An R package for lightweight cost-effectiveness analysis using decision trees.

## Installing CEdecisiontree

To install the development version from github:

library(devtools)
install_github("Health-Economics-in-R/CEdecisiontree")

Then, to load the package, use:

library(CEdecisiontree)

## Motivation

Decisions trees can be modelled as special cases of more general models using available packages in R e.g. heemod, mstate or msm. Further, full probability models could be fit using a Bayesian model with e.g. Stan, jags or WinBUGS. However, simple decision tree models are often built in Excel, using statistics from literature or expert knowledge. This package is a analogue to these, such that models can be specified in a very similar and simple way.

## Calculation

A decision tree is defined by parent-child pairs, i.e. from-to connections, and the probability and associated value (e.g. cost) of traversing each of the connections. Denote the probability of transitioning from node to as and the cost attributable to node as . Where no connection exists between two nodes we shall say that the parent’s set of children is the empty set . Denote the set of children by . Clearly, there are no or in this case but for computational purposes we will assume that and .

The expected value at each node is calculated by ‘folding back’ using the recursive formula

with boundary values at the terminal nodes

## Basic example

library(CEdecisiontree)
library(dplyr)
library(reshape2)
library(tidyr)
library(assertthat)

We will consider a simple 7 node binary tree. Numeric labels are shown above each node. Probabilities and costs are show above and below each branch, respectively. So if we were to write out the expected cost in full this would give

Load example data from the package.

data("cost")
data("probs")

The cost and probability matrices we will use in this example are sparse arrays indicating the edge values (rows=from node, columns=to node). There are therefore the same dimensions and have the same entry pattern. Empty cells have NA.

cost
#> # A tibble: 3 x 7
#>     1   2   3   4   5   6   7
#>   <dbl> <int> <int> <int> <int> <int> <int>
#> 1    NA    10     1    NA    NA    NA    NA
#> 2    NA    NA    NA    10     1    NA    NA
#> 3    NA    NA    NA    NA    NA    10     1
probs
#> # A tibble: 3 x 7
#>     1   2   3   4   5   6   7
#>   <dbl> <dbl> <dbl> <dbl> <dbl> <dbl> <dbl>
#> 1    NA   0.2   0.8  NA    NA    NA    NA
#> 2    NA  NA    NA     0.2   0.8  NA    NA
#> 3    NA  NA    NA    NA    NA     0.2   0.8

probs is a probability transition matrix. This is like pmatrix.msm in the msm package, or define_transition in the heemod package.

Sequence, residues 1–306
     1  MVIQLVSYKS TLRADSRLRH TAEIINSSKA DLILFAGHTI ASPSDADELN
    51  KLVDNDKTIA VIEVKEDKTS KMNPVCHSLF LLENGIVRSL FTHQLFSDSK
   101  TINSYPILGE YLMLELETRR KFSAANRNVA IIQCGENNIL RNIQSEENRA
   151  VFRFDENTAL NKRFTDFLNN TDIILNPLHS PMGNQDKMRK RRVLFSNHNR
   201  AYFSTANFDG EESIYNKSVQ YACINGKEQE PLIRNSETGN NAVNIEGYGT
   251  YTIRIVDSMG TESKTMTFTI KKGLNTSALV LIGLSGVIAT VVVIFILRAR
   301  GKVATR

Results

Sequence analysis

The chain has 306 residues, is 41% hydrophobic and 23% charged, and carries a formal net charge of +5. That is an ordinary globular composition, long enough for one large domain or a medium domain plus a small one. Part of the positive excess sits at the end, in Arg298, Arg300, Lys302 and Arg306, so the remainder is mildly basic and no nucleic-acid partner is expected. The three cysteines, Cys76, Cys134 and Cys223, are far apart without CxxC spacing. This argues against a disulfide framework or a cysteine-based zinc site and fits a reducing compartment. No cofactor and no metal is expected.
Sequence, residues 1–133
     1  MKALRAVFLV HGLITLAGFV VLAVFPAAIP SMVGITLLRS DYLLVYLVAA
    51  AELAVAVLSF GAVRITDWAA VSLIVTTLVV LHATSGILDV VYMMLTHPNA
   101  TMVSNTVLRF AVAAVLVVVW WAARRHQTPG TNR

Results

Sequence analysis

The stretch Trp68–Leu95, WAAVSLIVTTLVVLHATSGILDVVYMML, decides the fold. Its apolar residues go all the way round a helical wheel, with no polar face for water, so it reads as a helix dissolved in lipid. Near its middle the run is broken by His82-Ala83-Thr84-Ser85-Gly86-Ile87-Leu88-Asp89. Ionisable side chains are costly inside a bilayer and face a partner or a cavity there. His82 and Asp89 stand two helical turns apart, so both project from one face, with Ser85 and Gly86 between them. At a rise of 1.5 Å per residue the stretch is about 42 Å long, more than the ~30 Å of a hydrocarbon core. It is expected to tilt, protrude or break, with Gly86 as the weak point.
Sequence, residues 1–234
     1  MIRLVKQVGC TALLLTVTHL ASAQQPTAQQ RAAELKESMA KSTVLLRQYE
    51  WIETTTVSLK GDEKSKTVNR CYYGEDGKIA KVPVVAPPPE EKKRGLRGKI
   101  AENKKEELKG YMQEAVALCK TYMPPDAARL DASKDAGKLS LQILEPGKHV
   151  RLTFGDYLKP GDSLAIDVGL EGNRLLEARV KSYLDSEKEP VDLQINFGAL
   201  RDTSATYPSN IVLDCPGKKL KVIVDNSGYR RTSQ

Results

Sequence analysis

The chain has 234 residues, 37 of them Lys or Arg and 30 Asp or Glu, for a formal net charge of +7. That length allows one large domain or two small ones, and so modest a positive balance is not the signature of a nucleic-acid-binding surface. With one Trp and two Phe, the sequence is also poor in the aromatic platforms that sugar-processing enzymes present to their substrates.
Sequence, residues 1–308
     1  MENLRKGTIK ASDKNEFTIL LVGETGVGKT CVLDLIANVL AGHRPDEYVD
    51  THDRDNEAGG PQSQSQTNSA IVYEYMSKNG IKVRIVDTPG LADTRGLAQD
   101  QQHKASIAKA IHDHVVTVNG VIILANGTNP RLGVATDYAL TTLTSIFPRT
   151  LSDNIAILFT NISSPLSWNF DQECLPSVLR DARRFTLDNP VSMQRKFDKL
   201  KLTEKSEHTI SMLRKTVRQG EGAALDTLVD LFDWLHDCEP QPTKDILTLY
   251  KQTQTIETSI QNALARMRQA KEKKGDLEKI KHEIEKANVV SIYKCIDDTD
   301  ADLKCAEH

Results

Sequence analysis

The transMat() function in the mstate package creates a closely related multi-state model transition matrix. Copying this package, we can create a decision tree transition matrix to use with this.

CEdecisiontree:::trans_binarytree(depth = 3)
#>     to
#> from  1  2  3  4  5  6  7
#>    1 NA  1  2 NA NA NA NA
#>    2 NA NA NA  3  4 NA NA
#>    3 NA NA NA NA NA  5  6

The expected value at each node is calculate as follows.

my_model <-
define_model(
transmat = list(vals = cost,
prob = probs))

dectree_expected_values(model = my_model)
#>    1    2    3    4    5    6    7
#>  5.6 12.8  3.8 10.0  1.0 10.0  1.0

There is also an Rcpp version of this function.

Cdectree_expected_values(vals = as.matrix(cost),
p = as.matrix(probs))

## Other tree statistics

For additional information, including for the purposes of model checking we can calculate other tree statistics. We can obtain the contributing cost as weighted by the chance of occurrence. This can be thought of as a trade-off between the raw, original cost and branch position.

wcost <- branch_joint_probs(my_model) * cost
wcost
#>    1  2   3   4    5   6    7
#> 1 NA  2 0.8  NA   NA  NA   NA
#> 2 NA NA  NA 0.4 0.16  NA   NA
#> 3 NA NA  NA  NA   NA 1.6 0.64

We can check that this sums to the same total expected cost.

sum(wcost, na.rm = TRUE)
#>  5.6

We can also calculate the joint probabilities of traversing to each terminal state using branch_joint_probs. This is useful when an alternative model set-up is used such that total costs and health values are assigned to these terminal nodes only. Here we assume node labelling order from root such that terminal nodes are last.

n_from_nodes <- nrow(probs)
n_to_nodes <- ncol(probs)
terminal_states <- (n_from_nodes + 1):n_to_nodes

p_terminal_state <-
branch_joint_probs(my_model)[ ,terminal_states] %>%
colSums(na.rm = TRUE)

p_terminal_state
#>    4    5    6    7
#> 0.04 0.16 0.16 0.64
sum(p_terminal_state)
#>  1

See package vignettes for more details and examples.

## Code of Conduct

Please note that the CEdecisiontree project is released with a Contributor Code of Conduct. By contributing to this project, you agree to abide by its terms.